Longue Pointe Asylum
|Longue Pointe Asylum|
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Founded in 1873, Saint-Jean de Dieu Hospital was born from an agreement between the Government of Quebec and the Congregation of the Sisters of Providence, who were entrusted the task of clothing, lodging and caring of the mentally handicapped. Sister Thérèse de Jésus was the soul and director of this important healthcare facility in Quebec.
The Sisters of Providence already had a great deal of experience in working with mental patients. Mother Émilie-Gamelin took in a number of them at the Asile de la Providence, as early as 1845. In 1852, their Saint-Isidore farm was renovated to accommodate 17 patients. In 1863, an annex named Saint-Jean de Dieu was built and added to the Sister’s convent in the east end of Montreal.
The construction of the Saint-Jean de Dieu Hospital, then known as the Longue Pointe Lunatic Asylum, would be done on this very site. In April 1874, the Sisters commissioned architect Benjamin Lamontagne to design and build the asylum, north of Notre-Dame St. It is interesting to know that Louis Riel was committed to the Asylum at Longue Pointe for a few months in 1876.
In 1890 a fire that killed more than 80 people reduced a large part of the hospital to an empty shell. Wooden pavilions were quickly erected to accommodate the 1,200 patients. In 1888, more land was added which brought the property of the Sisters of Providence to a total of 800 acres. In 1896, flooding of the asylum caused a temporary relocation of the facility. In 1897 the Sisters hired architect Hippolyte Bergeron to rebuild the hospital. It would be composed of 2 rows of seven 40′ x 200′ pavilions arranged on both sides of a broad avenue and connected by a system of corridors, 10 ft wide and 600 feet long. The units on the eastern side were for men, and those on the western side for women. There were service buildings, a kitchen and a 6-storey high water tower, holding 95,000 gallons of water, located behind the main lodge which housed the administration. The Dominique Bédard Pavilion (formerly the wing for men) remains the most eloquent witness.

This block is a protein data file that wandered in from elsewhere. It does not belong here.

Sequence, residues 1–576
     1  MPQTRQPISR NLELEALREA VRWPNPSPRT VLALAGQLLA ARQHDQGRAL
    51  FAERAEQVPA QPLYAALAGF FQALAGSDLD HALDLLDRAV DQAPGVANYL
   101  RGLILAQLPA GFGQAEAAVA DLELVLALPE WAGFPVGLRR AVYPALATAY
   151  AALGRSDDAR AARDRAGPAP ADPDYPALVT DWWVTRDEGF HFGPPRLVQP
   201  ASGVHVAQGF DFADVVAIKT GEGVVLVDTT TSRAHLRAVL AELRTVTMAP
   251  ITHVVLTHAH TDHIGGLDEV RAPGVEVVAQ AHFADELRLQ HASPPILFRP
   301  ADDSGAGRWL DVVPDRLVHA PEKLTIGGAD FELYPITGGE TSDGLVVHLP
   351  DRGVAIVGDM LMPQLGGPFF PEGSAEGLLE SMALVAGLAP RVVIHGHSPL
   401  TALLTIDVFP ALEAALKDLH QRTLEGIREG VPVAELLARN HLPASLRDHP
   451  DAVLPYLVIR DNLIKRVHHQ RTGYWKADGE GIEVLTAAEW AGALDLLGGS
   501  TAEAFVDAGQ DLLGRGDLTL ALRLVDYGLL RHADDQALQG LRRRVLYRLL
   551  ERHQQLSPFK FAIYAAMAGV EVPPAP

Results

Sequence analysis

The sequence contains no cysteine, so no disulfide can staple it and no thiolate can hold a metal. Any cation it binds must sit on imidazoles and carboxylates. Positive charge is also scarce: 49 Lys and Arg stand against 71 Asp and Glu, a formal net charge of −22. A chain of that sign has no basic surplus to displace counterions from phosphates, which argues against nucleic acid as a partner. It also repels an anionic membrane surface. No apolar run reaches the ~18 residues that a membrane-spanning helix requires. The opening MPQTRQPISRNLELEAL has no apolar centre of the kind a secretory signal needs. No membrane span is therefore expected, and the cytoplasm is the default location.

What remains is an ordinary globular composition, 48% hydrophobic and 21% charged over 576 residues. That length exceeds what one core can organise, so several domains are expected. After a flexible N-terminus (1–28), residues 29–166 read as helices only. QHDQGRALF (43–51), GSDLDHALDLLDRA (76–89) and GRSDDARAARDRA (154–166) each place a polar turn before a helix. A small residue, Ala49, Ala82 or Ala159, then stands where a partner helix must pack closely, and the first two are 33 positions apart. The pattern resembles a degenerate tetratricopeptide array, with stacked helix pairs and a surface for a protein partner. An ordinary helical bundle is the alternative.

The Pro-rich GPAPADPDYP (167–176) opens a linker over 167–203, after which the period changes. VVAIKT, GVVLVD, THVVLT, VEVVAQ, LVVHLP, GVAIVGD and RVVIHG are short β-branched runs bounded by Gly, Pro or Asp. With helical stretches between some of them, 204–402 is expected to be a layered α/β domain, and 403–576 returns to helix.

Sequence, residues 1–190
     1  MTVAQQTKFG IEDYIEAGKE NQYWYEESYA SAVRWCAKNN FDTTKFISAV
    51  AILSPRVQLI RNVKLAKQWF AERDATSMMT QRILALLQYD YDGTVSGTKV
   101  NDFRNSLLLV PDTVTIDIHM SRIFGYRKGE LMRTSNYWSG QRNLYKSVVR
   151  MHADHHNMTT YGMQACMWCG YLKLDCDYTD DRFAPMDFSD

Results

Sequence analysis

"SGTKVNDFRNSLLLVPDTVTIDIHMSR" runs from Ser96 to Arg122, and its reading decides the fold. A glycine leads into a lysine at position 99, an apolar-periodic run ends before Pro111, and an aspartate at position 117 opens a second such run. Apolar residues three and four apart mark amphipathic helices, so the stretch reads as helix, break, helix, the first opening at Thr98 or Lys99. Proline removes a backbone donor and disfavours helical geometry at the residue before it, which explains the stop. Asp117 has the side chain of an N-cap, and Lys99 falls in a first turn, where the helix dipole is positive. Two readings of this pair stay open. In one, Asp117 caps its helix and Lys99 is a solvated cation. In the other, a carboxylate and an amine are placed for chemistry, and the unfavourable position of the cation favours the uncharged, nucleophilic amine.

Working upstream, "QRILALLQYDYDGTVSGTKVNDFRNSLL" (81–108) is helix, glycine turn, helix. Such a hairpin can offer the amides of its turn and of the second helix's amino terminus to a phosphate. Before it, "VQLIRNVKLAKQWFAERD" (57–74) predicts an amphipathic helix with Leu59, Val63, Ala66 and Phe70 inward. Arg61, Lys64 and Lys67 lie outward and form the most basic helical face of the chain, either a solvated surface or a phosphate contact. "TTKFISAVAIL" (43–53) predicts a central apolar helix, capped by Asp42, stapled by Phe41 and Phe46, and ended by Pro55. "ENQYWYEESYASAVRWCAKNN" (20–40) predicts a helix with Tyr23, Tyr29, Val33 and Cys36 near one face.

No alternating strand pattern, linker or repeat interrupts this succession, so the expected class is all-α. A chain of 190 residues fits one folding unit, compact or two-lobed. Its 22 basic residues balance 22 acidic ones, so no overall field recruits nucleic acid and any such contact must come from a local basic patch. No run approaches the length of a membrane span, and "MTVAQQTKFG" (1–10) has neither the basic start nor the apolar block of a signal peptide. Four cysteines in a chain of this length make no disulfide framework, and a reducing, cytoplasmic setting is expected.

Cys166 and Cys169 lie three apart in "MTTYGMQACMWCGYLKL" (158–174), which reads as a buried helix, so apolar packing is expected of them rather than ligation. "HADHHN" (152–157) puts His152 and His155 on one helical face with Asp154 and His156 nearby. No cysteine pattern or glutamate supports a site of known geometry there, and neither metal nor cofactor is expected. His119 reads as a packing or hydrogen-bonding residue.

In 1897, Saint-Jean de Dieu Hospital became an autonomous civic municipality, as well as a canonical parish of the diocese of Montreal. At this time, there were 183 sisters, 141 lay people, three doctors, two chaplains and 1,579 patients. Many schools would be born from this institution: a psychiatric nursing school, a school for nurse’s aids, a medical teaching school, the Émilie-Tavernier school (for patients), a medical technology school and patient care courses.
In 1975, after more than 100 years in existence, Saint-Jean de Dieu began to see a gradual reduction in the Congregation’s personnel, following a re-organization of the hospital’s services. The hospital was then renamed Louis-H. Lafontaine Hospital in 1976.
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